• I think a fair compromise would be to allow GM-free labeling, as long as it’s also disclosed on the package that that doesn’t mean anything as it regards the safety or nutrition of the product in equally large type.

  • Mr. Burgundy above has a good point. But some, maybe most, consumers would ask why the food is labeled is there isn’t controversy. They would then err on the side of safety. People in Westchester County NY being long in money and short in brains go for the “organic” nonsense. They drive me nuts.

  • So far all evidences suggest that GM foods are not harmful, and that non-GM foods therefore are no better.

    It is then a backhanded way to make a false claim by casting aspersions and false light on the other products. A statement “this product contains no GM food” may be superficially true, but the intent of making such a statement clearly is to convey a between the lines message that is factually false.

  • Gasman,

    While I harbor no concern over GM foods, I disagree with your premise. I have many friends who for health or religious reasons want to know what is in their food. To wit, the recent revelation that Peeps are made with gelatin made from pork would be of consummate interest to those who are allergic to pork or muslim or jewish. Dairy boards in more than one state have attempted to outlaw the use of “our cows don’t get daily doses of antibiotics” on cartons of milk. Why would the government care, after all when it comes to food stuffs aren’t they in the business of give the consumer ALL the information so they can make informed decisions? Or are they trying to give special protection to the highest bidder? And since all politics is about the money, I’ll go with the latter.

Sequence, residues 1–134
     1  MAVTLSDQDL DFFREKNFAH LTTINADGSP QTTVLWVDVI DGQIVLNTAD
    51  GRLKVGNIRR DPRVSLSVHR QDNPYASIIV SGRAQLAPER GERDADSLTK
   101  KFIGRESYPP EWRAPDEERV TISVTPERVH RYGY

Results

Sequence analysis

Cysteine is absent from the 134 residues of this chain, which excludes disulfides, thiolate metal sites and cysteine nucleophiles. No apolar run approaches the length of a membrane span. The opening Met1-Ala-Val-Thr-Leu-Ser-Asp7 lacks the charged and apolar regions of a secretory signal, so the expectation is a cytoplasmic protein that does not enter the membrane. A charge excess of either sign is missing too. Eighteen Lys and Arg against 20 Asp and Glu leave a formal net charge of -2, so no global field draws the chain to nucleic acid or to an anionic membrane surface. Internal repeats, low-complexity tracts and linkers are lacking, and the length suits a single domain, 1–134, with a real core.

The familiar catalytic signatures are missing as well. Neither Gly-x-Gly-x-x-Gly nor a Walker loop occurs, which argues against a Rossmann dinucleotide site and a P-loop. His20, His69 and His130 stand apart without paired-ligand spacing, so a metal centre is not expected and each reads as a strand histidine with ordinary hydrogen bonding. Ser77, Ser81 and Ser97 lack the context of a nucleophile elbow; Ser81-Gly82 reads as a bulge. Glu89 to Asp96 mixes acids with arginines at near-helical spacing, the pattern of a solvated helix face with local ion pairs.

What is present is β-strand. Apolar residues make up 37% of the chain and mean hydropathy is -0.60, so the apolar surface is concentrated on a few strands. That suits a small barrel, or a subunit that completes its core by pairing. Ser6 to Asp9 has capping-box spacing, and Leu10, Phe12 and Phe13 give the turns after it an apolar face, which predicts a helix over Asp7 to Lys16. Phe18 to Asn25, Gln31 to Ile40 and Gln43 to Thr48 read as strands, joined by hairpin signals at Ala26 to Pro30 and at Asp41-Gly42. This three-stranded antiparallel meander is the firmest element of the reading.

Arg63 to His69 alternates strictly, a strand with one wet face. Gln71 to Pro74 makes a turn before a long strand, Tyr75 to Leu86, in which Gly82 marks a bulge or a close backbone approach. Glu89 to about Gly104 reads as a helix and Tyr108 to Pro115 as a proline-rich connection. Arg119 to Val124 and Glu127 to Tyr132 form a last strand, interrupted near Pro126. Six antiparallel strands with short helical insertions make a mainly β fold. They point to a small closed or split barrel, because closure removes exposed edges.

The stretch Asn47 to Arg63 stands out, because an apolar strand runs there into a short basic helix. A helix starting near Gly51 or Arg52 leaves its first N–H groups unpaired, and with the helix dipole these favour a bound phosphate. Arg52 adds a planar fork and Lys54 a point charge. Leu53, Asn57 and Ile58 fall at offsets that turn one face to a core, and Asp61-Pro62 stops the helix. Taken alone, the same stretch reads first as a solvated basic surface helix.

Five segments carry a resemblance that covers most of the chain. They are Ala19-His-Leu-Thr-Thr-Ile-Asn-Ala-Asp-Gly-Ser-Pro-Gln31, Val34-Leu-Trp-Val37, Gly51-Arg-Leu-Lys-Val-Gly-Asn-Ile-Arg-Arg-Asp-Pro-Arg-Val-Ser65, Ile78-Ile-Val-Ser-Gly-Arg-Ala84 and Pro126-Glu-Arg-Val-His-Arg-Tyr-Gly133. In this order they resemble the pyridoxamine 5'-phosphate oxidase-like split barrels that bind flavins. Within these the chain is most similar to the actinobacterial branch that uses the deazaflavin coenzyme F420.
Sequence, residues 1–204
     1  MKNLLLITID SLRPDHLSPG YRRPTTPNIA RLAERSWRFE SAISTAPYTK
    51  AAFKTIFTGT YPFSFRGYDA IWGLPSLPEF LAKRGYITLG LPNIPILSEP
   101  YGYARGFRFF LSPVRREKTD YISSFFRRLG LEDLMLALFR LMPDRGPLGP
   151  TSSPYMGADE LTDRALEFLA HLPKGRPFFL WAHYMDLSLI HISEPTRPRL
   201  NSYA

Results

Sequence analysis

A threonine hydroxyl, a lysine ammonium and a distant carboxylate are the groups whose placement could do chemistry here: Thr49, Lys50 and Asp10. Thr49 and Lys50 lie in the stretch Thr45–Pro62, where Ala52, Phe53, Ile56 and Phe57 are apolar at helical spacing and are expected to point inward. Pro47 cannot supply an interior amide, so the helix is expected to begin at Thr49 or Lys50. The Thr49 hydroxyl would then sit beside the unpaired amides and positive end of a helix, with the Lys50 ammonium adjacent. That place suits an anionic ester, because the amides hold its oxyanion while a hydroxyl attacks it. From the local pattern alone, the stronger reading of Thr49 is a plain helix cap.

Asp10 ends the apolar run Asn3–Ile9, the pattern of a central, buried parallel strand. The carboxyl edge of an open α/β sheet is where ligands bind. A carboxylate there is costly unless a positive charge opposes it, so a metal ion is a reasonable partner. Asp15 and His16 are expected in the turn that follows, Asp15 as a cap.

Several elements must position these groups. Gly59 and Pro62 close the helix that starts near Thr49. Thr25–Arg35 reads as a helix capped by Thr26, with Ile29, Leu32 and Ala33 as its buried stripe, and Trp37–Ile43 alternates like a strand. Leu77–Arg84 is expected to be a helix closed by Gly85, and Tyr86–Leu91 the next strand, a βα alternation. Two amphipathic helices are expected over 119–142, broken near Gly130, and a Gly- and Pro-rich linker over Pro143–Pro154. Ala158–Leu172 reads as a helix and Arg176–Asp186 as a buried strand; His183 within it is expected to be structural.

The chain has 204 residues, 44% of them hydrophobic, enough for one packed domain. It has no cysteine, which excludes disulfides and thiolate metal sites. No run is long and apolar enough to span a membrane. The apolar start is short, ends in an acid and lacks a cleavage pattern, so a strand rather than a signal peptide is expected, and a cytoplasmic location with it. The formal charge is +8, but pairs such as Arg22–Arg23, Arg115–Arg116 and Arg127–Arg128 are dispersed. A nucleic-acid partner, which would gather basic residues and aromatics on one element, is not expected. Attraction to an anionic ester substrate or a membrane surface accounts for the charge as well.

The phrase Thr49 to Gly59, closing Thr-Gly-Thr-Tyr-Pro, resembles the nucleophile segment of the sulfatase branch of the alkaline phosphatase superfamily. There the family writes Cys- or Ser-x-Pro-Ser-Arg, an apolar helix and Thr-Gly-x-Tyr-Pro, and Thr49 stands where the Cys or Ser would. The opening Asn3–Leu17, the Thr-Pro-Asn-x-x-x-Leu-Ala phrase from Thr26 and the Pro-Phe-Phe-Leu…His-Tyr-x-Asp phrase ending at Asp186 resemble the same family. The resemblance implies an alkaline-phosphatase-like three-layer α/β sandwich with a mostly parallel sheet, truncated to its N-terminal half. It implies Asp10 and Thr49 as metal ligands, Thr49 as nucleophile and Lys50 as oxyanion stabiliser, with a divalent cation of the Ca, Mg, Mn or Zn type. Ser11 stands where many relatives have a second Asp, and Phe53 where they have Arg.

• Similarly, I have been told that many years ago, tuna canners advertised that it doesn’t turn pink in the can, implying that salmon did.

  • And let’s not forget xkcd’s proposal to start advertising cereal as “asbestos-free”.

  • depends on what you mean by “genetically (un)modified”. Humans have been modifying plants and animals in various ways for many hundreds of years.